finally speaking without really thinking about it
I have been on duolingo for three months, and there is nothing more exciting than being able to say basic things without thinking that hard! although I am best at reading and writing, my language skills have definitely improved. I find it difficult to hear/understand native speakers, but I can pick out words!
My teachers always used to put me down on my French skills, but a few months ago I went abroad for a week and had to speak French and EVERYONE praised me. It came natural. Sure, I might have stumbled on certain words, but I could converse with people! Whooo! Felt so good! xD
i am half way through my duolingo french program and am going to new caledonia in 2 weeks for a 2 weeks immersion program. live with a homestay and do 3 hours of french a day, no english at home or at school). you sound similar to me, what level will i come back with do you think??
I couldn't say. I'm really not good at estimations and stuff and also I think it depends on the person. But if you really want to learn, It should be a delightful experience :D
I studied French in college and was at the DELF B1 level. After doing an immersion class in France I increased to B2.
It really is nice! I have a native speaker teaching me, and I can almost converse
when you say converse do you mean just say sentences like 'i want that' or general conversation?
some of both, actually. I find that most of what I say has to be basic, though.
Yeah, pretty neat to realize we are actually getting the hang of it without always thinking. I'm still very new to the French language, and can understand only small parts of it, (I can also read more than I can understand spoken as well.) But it's amazing to actually realize I'm actually learning. Just this morning at work, while trying to finish marking off a shipping report and make sure everything on it was on the cart in their boxes, I realized only after a minute or two that I was actually reading and understanding the french labels instead of flipping over the boxes for the English ones.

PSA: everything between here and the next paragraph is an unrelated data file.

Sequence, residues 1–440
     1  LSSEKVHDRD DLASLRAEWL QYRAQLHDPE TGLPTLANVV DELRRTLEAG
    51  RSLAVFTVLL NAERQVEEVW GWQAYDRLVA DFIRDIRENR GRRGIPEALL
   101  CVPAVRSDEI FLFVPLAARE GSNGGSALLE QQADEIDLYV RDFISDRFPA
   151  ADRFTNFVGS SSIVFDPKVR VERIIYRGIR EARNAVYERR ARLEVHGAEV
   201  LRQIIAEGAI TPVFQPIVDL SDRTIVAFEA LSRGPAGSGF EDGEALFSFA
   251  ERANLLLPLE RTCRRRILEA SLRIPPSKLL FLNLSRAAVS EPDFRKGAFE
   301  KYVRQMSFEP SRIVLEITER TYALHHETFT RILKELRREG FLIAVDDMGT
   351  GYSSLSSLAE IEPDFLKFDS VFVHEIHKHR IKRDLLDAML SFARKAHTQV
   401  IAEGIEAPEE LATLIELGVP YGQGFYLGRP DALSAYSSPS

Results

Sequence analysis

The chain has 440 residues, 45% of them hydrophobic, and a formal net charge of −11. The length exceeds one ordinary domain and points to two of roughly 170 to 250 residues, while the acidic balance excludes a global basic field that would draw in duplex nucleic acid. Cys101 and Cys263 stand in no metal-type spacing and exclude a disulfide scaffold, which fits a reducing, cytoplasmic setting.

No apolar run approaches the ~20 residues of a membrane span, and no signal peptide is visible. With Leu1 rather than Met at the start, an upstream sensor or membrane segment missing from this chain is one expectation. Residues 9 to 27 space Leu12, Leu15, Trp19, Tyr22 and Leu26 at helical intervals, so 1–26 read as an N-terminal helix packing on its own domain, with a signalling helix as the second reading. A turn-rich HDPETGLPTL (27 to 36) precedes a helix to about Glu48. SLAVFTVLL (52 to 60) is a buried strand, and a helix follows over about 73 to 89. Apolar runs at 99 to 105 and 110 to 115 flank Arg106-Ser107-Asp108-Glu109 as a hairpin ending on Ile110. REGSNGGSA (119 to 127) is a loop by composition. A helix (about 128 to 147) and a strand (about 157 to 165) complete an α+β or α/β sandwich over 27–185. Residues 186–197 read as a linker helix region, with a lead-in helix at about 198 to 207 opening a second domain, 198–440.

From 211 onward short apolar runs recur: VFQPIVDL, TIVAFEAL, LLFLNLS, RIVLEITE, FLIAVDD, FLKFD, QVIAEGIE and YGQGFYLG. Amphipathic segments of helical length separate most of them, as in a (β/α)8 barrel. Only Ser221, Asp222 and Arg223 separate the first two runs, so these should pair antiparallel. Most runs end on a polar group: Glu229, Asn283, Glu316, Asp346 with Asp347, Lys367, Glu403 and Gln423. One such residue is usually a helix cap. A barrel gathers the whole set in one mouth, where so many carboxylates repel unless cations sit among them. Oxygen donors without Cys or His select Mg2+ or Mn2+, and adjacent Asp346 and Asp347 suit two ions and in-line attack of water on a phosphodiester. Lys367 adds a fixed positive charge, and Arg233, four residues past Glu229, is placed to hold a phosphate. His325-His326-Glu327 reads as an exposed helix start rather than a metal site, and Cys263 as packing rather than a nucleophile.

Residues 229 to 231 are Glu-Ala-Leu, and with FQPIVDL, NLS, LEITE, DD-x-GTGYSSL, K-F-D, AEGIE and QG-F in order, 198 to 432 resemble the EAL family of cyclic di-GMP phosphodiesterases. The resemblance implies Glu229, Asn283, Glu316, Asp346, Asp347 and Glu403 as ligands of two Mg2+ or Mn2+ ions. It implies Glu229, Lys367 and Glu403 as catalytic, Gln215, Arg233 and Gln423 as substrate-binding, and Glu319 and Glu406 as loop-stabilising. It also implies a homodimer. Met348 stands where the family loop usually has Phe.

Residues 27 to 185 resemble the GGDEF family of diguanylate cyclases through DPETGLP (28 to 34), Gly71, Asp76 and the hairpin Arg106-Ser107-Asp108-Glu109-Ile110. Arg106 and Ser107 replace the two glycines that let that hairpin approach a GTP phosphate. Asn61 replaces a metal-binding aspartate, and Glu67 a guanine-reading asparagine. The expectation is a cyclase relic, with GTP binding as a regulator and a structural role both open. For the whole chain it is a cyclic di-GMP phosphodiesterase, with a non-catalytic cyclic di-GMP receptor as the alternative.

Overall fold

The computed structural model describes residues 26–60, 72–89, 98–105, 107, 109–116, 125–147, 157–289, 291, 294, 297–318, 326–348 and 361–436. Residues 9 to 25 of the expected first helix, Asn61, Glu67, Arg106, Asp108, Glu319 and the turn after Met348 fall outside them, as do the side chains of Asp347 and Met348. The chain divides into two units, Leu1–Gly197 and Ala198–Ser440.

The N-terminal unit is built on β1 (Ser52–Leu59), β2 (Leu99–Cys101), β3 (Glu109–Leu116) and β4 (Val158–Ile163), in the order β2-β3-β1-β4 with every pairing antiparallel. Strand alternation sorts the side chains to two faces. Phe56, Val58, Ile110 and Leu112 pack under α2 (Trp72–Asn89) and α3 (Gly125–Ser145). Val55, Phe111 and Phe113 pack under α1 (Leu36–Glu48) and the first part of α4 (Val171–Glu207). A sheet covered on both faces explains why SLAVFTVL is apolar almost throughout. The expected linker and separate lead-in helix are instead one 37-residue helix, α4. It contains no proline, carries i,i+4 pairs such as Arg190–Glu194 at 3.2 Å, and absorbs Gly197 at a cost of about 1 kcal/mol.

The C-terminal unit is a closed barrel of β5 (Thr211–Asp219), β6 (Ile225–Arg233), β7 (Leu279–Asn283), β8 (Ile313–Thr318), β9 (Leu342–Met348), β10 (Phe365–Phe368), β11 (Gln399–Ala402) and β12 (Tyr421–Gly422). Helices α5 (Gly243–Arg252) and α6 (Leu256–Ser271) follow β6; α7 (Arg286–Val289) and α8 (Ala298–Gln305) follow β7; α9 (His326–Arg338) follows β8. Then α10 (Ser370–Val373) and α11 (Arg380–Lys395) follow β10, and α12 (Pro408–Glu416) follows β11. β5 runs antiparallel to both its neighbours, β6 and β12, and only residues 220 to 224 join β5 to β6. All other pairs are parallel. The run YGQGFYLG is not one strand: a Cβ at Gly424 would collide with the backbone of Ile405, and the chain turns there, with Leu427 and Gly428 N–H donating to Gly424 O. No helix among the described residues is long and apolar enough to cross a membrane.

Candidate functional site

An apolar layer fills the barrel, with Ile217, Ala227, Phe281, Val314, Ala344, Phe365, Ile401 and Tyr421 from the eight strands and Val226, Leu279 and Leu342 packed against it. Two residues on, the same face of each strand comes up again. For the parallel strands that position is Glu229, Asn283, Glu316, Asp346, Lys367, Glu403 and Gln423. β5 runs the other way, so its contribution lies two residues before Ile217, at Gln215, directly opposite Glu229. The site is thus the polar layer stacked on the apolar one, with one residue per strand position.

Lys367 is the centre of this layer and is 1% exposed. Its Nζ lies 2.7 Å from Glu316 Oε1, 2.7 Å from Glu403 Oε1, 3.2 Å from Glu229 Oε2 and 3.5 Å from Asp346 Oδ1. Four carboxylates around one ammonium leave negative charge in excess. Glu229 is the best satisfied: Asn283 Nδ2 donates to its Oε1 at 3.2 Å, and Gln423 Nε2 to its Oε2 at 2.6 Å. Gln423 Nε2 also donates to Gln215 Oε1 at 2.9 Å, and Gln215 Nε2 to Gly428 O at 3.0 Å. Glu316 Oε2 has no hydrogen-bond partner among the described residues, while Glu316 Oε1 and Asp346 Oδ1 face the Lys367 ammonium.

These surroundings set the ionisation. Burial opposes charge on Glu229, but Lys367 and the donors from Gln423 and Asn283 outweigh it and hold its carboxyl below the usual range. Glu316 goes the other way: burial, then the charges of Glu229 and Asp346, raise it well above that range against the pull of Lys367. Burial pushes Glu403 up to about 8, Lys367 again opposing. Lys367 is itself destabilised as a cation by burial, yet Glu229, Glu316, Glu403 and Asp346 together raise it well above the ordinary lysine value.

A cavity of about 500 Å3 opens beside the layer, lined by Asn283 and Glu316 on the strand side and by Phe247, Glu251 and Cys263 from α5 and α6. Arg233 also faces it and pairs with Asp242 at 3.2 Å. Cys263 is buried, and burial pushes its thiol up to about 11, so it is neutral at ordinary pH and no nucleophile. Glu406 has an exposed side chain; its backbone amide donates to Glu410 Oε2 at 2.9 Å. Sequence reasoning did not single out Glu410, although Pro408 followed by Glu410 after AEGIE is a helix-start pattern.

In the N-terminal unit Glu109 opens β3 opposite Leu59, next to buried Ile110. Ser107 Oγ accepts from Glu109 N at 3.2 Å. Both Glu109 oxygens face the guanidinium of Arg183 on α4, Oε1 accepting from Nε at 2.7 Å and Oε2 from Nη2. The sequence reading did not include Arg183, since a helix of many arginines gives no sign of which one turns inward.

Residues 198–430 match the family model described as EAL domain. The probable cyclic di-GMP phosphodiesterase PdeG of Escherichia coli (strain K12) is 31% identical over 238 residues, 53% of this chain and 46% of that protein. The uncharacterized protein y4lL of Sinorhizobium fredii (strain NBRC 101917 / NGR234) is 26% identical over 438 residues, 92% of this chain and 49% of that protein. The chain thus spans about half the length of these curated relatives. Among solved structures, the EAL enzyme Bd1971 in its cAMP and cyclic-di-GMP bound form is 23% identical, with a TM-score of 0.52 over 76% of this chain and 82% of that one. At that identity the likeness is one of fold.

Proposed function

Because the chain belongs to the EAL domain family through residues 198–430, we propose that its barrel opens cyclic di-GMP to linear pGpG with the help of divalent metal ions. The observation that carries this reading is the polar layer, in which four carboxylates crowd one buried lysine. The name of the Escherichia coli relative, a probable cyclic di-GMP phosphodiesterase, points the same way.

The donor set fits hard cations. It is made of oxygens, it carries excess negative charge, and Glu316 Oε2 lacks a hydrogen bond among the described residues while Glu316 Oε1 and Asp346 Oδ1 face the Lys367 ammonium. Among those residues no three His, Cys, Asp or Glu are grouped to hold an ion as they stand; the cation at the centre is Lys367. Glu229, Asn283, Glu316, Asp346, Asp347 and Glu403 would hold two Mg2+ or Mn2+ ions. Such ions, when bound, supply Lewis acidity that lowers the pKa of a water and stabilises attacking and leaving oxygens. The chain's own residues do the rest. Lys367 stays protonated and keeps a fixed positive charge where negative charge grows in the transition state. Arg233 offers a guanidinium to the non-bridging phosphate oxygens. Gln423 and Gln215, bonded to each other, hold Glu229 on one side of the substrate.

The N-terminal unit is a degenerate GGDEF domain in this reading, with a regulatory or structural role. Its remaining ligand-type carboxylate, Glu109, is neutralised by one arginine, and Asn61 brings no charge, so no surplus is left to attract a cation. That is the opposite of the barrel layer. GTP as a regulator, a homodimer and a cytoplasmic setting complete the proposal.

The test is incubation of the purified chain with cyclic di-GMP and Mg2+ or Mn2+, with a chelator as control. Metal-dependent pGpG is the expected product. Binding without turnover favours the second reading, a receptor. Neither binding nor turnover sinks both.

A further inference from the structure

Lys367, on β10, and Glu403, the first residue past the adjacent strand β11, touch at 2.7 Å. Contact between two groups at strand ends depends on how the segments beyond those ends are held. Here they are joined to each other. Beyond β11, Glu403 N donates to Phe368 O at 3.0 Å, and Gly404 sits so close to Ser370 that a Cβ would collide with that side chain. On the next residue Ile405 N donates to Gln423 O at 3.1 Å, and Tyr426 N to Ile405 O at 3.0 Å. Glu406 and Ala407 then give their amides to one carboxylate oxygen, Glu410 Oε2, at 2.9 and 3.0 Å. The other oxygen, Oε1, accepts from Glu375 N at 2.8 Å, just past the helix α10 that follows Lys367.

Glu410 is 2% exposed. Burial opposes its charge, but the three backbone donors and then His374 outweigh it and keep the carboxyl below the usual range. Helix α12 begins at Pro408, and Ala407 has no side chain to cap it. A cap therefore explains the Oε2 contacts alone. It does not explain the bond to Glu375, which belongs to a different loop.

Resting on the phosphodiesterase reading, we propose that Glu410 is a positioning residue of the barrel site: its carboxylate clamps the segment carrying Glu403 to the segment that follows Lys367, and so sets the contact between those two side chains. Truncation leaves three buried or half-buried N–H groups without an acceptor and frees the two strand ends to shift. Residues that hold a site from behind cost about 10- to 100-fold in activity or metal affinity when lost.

One of the benefits of living in Canada: you can always get a mini French lesson on everything.
The other morning when getting some cream cheese out of my fridge, I realized that the way you say "the laughing cow" in French is "la vache qui rire."
I agree; DuoLingo is a terrific site, but it's strength is the written word. To communicate orally, you need conversation! It's difficult to find native speakers who are patient with a learner, especially in the U.S. I listen to Radio Quebec on Sirius; it's primarily "talk radio" and there are a variety of speakers. I find it helpful to listen to different accents, intonations, and expressions. Some have great diction and speak precisely, which is easier to understand. Others speak without taking a breath, and run their words together incessantly--they are a challenge! To practice speaking (and hear myself), which is essential for fluency, I actively translate news broadcasts from TV whenever I can. Obviously, I miss words and struggle to keep up, but I find I'm getting better with practice! Good luck; keep up the good work!
Gratz! It's really hard to understand spoken language in general, and Duolingo also doesn't help that much with the listening ... I understand a lot of written English but my listening is still crawling, but it has also improved a lot since most of the things I watch now is in English :D
If you want some more listening practice.... http://www.listeningpractice.org/dashboard.php (native speakers say stuff, you try to type out what they say... awesome practice) http://www.learnfrenchbypodcast.com/ (I listen to these on my drives to and from work)
http://play.nrj.fr/nrj/nrj-made-in-france.html (a little French music never hurt!)
Push yourself to watch more French youtube vids or TV/Movies in French with English subtitles. I almost find myself defaulting to more french options lately... My English isn't going away, worth forcing immersion in my mostly English speaking area.
There is something more exciting than being able to say basic things without thinking that hard - complicated things without thinking that hard! :)
I can't say complicated things, but I am beginning to bash out a few intermediate sentences and I surprise myself when I do.
One problem I have at the moment is making small mistakes that have a big difference. For instance: I used to think ne... meant "not", rather than "pas" meaning not". So a small mistake can lead you to saying "i do want something" rather than "I do not want something". Other examples exist in numbers (milliard equals billion whilst billion equals trillion).
Small mistakes with big meanings in difference can knock confidence, so I need to finish my tree first! On the last section now. Been using other sources too.
Bon courage !
Sorry about that! One of my friends was goofing off:(. That's not what this is for jeslyn
I'm getting a bit of that...
When you finish goldening your second "test out" area, try to find simple french videos for americans. My brother used to watch them. They are helpful because the actors speak slow French.
Non…Non…Je suis…Non Francais.